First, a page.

Before The Saudis went on a multi year, one hundred billion dollar weapons buying spree, KSA had the lowest cost oil extraction bill.

    This cannot be the case today as Saudi Oil is government owned. Saudi Arabia is fighting wars on two fronts it has internal conflicts as well.

    KSA, IRAQ, IRAN, SYRIA, YEMEN, the Gulf states, Nigeria, Venezuela,
    totally oil dependent government owned.
    Except for Venezuela all of the above are involved in one or more wars.
    Every dollar pissed away killing folks, gets deducted from ‘productive activities’.

  9. rockman on Sun, 30th Aug 2015 5:50 pm 

    Everyone, in addition to the Rockman, here that signs invoices for fuel used to drill and produce fossil fuels raise your hands. Hmm…that’s what I thought. LOL. Everyone can beleive whatever cooked numbers they want. But the Rockman, as VP Operations actually signs the checks, And has signed checks for more than $400 million in drilling activity over the last 5 years. Bottokm line: compared to just about every economic aspect of this country the oil patch utilizes relatively little energy. That fact is difficult for those unable to accept the FACT that EROEI isn’t today (nor ever has been) a deciding factor in what gets drilled. Typically energy represents less than 10% of the total drilling costs.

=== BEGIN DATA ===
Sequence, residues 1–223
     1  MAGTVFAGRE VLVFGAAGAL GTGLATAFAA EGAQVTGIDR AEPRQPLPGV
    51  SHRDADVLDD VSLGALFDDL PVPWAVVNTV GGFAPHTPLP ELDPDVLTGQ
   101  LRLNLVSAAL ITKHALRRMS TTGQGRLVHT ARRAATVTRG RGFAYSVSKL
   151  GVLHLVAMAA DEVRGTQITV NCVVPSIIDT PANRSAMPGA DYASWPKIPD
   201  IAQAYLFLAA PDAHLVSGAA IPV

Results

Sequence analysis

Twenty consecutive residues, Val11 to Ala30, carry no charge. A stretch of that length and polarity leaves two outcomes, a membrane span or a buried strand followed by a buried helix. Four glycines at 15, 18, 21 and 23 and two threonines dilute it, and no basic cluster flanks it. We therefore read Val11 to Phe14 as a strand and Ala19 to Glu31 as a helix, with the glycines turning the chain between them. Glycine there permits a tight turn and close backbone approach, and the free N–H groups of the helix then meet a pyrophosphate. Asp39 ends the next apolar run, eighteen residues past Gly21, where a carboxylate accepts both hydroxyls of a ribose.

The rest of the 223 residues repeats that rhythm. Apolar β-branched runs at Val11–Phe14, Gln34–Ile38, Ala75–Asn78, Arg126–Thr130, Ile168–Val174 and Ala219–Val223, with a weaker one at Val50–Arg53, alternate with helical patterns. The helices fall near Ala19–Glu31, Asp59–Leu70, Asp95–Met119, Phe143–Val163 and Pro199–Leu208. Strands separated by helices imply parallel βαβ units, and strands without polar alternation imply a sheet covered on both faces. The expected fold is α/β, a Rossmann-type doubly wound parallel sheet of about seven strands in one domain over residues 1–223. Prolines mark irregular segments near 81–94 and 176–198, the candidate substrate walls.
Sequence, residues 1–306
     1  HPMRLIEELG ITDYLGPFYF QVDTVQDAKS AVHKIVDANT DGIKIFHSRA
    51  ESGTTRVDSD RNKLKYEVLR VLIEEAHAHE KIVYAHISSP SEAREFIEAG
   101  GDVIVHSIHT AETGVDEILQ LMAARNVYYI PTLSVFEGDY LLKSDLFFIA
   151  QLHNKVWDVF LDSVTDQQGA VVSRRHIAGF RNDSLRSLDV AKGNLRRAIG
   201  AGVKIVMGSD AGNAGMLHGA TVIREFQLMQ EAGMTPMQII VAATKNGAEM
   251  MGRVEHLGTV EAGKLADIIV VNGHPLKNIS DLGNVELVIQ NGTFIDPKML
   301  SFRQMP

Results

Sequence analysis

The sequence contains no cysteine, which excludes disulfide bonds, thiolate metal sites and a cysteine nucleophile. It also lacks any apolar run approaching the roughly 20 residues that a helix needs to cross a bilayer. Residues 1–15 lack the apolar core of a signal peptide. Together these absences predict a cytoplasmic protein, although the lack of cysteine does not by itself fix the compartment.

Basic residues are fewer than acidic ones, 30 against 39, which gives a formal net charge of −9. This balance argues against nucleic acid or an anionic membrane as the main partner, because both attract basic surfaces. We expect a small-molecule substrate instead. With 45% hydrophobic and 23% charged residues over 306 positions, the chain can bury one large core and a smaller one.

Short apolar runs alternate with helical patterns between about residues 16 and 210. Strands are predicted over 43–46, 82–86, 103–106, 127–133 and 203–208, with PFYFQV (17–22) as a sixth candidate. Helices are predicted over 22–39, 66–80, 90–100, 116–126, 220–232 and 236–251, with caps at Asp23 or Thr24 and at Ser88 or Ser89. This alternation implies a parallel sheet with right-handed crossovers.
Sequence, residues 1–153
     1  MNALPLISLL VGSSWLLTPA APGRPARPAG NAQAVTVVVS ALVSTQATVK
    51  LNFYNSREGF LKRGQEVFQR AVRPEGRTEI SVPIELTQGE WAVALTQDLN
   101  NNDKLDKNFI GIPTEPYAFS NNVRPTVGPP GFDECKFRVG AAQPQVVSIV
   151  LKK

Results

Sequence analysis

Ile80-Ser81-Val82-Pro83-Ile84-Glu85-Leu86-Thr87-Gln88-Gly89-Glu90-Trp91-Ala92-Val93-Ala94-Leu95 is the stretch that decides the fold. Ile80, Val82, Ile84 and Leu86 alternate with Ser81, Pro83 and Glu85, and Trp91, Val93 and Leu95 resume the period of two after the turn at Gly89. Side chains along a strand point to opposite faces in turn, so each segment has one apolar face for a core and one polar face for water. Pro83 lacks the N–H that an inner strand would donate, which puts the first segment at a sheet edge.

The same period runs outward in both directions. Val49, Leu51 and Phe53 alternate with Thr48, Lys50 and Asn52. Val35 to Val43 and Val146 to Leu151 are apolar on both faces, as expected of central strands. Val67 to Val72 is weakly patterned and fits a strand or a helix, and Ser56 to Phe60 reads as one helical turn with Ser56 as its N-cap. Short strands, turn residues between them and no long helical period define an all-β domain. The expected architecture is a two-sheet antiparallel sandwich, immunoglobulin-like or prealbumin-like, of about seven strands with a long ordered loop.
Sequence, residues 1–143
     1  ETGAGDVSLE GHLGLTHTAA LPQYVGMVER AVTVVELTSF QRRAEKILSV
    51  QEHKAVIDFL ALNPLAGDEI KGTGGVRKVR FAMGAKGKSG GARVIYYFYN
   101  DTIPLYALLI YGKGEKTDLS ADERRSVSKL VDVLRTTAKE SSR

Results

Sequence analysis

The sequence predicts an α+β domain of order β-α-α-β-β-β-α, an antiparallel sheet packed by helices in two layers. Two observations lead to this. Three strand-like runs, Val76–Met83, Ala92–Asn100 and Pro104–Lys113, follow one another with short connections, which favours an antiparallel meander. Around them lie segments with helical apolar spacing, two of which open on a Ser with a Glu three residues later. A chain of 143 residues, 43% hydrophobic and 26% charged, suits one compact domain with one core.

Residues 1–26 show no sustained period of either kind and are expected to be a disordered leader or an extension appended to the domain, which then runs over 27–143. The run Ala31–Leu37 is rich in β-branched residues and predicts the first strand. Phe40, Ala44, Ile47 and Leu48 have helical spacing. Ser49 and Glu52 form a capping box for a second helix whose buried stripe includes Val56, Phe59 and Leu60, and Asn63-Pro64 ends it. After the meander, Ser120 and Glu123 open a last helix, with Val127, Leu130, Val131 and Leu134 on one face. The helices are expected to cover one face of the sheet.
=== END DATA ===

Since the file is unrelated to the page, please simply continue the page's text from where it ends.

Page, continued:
10. onlooker on Sun, 30th Aug 2015 6:17 pm